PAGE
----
In the winter of 2010, artist Elizabeth Addison had a “wondrous and stunning” dream where she met an impact crater that spoke to her, inviting her to come closer, and promising her it would be waiting for her. The dream launched Addison — who is “simultaneously skeptical and compelled to investigate instances of the extraordinary” — into what she calls an “artistic investigation” of the transitional environment where destruction and creation, absence and presence overlap.
The Crater Project — a series of monoprints, paintings, sculptures, and multimedia works that examine both her life-changing dream crater and her journey a few years later to meet its actual counterpart, the Barringer Meteorite Crater in the Arizona desert — is a product of that investigation. The liminal environments depicted in the series are visual manifestations of the artist’s own reflection on our relationship with nature and “the conflict between beliefs and data-driven conclusions.”
Addison had always been fascinated by cataclysmic natural events, events that can cause massive destruction but at the same time hold within them the germ of rebirth. So it was but natural that following the dream she read all she could find about impact craters, which are formed by the hypervelocity impact of a meteorite or other celestial object crashing onto a planet’s (or moon’s) surface.
For Addison, impact craters represent “proof of the unseen,” of forces that have shaped our world in profound ways — from causing mass extinctions to climate change to making room for new life. She points to how scientists have deemed these craters “cradles for life” where water mixed with organic material from interstellar rocks and heat created just the right conditions for life on Earth as we know it. We humans too, are ultimately “creations of impact,” she observes.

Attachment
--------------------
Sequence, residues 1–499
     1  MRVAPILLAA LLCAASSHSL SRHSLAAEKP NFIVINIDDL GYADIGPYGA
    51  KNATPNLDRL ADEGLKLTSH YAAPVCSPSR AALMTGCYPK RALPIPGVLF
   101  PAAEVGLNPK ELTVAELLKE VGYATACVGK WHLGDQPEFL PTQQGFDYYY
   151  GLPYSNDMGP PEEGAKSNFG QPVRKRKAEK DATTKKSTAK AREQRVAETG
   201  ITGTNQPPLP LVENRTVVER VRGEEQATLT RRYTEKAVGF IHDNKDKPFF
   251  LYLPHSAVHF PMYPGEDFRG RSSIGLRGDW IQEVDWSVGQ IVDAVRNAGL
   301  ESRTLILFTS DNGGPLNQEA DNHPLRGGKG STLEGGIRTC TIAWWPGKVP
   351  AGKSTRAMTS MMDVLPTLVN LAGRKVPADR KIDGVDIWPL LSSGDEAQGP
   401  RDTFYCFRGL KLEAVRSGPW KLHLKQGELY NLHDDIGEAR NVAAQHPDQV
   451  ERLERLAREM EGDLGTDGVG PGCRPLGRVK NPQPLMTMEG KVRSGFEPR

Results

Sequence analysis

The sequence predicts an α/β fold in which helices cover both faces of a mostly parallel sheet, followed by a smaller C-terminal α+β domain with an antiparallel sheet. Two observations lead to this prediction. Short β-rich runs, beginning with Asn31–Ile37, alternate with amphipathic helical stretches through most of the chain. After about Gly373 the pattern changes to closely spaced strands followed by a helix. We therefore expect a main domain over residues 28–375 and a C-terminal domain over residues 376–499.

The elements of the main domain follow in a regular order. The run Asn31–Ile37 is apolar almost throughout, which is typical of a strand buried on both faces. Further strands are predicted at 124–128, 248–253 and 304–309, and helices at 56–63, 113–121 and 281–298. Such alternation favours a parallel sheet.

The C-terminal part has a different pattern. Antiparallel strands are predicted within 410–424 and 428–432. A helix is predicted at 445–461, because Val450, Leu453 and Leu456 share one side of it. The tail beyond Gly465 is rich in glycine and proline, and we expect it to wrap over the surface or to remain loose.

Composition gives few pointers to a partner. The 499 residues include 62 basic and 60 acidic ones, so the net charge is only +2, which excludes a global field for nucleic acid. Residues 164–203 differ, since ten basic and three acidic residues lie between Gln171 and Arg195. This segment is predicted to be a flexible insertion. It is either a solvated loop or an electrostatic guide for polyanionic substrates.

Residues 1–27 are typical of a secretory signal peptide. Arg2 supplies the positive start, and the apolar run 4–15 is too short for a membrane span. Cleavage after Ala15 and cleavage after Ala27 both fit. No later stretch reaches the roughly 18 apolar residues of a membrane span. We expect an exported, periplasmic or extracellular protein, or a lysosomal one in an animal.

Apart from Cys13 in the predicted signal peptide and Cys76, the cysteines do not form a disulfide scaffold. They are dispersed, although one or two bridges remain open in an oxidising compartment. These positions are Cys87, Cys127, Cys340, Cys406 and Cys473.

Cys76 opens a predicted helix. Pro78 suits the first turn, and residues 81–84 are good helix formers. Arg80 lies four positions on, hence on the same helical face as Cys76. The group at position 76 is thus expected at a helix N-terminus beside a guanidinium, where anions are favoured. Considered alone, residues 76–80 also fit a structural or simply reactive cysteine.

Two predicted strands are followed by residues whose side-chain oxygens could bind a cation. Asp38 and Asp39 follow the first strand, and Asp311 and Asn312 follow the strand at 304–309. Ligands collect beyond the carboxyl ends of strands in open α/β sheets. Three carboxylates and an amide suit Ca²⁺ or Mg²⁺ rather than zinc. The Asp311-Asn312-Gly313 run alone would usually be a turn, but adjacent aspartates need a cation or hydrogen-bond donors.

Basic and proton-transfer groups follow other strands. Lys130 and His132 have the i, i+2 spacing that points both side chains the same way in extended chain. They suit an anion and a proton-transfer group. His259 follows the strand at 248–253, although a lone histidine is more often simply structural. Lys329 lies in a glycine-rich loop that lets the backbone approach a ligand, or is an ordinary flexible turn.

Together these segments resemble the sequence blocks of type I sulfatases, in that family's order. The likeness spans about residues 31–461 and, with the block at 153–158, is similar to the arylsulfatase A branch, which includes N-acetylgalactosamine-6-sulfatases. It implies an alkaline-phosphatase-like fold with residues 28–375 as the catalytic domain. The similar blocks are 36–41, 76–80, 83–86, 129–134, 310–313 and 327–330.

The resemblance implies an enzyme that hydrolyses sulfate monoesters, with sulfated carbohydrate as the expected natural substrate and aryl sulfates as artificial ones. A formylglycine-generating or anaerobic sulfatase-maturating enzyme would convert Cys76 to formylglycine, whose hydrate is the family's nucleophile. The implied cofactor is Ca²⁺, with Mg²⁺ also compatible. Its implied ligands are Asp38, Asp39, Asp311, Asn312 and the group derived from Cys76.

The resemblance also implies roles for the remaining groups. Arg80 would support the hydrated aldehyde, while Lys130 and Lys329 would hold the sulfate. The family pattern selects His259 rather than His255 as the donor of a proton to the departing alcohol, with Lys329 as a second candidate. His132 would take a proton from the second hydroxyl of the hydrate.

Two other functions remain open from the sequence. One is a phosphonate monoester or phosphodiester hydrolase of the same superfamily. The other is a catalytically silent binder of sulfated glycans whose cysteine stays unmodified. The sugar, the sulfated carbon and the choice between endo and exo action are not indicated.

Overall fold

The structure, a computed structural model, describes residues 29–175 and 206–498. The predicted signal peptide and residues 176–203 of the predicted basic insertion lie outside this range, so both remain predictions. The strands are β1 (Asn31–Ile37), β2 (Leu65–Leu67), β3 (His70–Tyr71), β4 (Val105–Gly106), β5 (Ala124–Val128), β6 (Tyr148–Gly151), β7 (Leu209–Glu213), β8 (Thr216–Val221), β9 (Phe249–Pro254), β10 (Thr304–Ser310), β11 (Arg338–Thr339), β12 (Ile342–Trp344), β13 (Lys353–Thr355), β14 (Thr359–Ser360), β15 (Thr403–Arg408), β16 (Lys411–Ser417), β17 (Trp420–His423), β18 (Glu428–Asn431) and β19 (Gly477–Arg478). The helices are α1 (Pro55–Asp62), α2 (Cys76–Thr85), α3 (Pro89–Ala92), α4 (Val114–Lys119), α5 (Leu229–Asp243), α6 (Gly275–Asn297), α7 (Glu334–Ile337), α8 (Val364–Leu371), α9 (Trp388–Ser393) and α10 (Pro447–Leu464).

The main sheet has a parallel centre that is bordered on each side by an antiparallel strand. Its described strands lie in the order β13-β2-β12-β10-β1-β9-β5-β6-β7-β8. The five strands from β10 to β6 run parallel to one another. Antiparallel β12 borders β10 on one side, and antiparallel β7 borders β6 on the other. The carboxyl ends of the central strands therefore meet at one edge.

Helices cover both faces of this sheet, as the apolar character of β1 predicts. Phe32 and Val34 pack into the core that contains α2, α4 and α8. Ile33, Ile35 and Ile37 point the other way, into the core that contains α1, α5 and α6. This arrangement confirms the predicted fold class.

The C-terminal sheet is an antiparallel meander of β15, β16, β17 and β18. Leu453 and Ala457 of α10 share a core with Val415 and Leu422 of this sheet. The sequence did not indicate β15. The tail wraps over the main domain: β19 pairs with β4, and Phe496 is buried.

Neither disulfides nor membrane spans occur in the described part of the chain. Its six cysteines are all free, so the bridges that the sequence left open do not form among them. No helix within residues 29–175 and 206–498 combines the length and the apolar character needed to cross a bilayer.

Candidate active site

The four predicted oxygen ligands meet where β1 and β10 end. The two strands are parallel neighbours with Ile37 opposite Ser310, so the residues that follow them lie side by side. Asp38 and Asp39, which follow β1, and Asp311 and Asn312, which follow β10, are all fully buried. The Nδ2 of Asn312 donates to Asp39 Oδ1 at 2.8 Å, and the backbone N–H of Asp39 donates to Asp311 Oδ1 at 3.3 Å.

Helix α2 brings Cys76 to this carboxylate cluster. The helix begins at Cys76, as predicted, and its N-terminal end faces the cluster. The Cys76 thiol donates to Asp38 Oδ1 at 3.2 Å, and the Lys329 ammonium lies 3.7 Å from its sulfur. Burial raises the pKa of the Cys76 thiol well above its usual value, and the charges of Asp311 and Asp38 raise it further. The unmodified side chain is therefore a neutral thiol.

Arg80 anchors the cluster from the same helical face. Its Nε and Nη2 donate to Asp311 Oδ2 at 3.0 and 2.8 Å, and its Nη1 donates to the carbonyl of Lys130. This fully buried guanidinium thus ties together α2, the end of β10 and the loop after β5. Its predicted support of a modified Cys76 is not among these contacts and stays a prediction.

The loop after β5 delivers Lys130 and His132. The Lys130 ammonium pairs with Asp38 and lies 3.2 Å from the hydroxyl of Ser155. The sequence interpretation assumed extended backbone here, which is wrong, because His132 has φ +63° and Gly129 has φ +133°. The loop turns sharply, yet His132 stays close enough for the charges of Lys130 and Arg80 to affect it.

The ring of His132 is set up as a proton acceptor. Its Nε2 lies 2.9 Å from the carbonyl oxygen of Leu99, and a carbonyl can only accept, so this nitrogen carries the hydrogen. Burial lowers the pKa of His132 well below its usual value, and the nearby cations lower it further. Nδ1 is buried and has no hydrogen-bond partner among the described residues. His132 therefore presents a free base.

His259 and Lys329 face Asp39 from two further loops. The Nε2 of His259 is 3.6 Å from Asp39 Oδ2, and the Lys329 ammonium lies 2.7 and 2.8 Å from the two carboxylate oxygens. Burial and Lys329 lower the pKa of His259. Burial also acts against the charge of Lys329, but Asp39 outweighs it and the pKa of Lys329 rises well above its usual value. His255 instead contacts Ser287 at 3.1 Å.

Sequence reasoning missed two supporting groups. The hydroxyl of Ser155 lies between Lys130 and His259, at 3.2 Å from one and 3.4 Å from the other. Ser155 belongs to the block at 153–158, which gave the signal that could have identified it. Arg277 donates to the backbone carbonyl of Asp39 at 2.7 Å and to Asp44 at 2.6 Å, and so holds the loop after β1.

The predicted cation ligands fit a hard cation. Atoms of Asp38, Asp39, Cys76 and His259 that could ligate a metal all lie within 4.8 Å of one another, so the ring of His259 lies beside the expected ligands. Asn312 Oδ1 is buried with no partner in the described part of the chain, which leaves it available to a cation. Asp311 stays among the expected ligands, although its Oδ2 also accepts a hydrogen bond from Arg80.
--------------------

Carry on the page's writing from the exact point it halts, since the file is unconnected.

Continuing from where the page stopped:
The Crater Project series explores an impact crater’s many “metaphorical possibilities,” including destruction and creation, wounding and healing, loss and renewal. Over and over again, Addison modifies the image of the Barringer Crater, initially sourced from the Planetary and Space Science Centre University, New Brunswick, and later from photographs she took of the crater herself. She inserts it into dramatic, dreamlike landscapes, washes it with color, layers it with words, inserts her own figure as a shadow “conveying change and movement,” and even expands the imagery into diptychs and triptychs.
“I concerned myself with showing the science without telling it literally in order to maintain its magic,” she writes about the project.
Indeed, there is magic in this body of work — the seemingly simple creations offer up layers of meaning upon deeper, and repeated, contemplation.
See more of Elizabeth Addison’s work at elizabethaddison.com
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